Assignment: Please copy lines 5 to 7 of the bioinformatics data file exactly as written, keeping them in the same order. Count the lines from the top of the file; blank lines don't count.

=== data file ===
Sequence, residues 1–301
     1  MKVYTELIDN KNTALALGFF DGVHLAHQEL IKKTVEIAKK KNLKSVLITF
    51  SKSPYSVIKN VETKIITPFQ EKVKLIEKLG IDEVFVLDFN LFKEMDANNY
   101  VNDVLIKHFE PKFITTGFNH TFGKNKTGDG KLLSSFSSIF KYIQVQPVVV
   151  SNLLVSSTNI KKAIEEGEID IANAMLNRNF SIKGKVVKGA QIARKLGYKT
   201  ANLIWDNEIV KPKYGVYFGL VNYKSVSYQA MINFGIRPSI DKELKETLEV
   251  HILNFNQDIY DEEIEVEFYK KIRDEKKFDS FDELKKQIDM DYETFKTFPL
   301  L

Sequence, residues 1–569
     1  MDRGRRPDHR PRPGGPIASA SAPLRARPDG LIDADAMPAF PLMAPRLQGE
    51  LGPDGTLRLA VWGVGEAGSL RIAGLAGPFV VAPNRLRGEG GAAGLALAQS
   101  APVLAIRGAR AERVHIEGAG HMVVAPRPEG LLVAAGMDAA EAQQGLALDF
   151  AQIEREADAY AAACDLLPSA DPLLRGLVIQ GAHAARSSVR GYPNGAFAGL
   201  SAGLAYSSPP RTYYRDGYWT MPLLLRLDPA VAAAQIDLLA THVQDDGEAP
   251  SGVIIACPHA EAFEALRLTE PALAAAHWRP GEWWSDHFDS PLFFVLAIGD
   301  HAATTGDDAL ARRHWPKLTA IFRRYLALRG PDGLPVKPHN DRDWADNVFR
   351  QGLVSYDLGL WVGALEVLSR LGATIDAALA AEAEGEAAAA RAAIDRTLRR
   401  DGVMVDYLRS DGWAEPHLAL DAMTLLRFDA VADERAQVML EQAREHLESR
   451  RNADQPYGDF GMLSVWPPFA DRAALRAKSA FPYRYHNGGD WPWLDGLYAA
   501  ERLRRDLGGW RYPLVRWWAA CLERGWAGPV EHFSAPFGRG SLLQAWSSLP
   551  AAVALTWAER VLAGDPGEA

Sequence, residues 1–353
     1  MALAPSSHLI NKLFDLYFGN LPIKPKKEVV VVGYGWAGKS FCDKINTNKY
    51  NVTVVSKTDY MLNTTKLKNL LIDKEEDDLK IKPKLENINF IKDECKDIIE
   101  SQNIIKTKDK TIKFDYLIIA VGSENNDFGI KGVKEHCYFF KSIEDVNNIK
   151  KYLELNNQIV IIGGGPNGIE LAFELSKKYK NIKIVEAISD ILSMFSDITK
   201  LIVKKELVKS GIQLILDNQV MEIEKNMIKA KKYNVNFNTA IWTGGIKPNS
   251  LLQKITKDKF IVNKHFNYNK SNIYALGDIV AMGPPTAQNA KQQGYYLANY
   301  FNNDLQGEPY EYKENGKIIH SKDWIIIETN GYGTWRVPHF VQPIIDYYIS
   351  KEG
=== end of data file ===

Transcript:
   151  SNLLVSSTNI KKAIEEGEID IANAMLNRNF SIKGKVVKGA QIARKLGYKT
   201  ANLIWDNEIV KPKYGVYFGL VNYKSVSYQA MINFGIRPSI DKELKETLEV
   251  HILNFNQDIY DEEIEVEFYK KIRDEKKFDS FDELKKQIDM DYETFKTFPL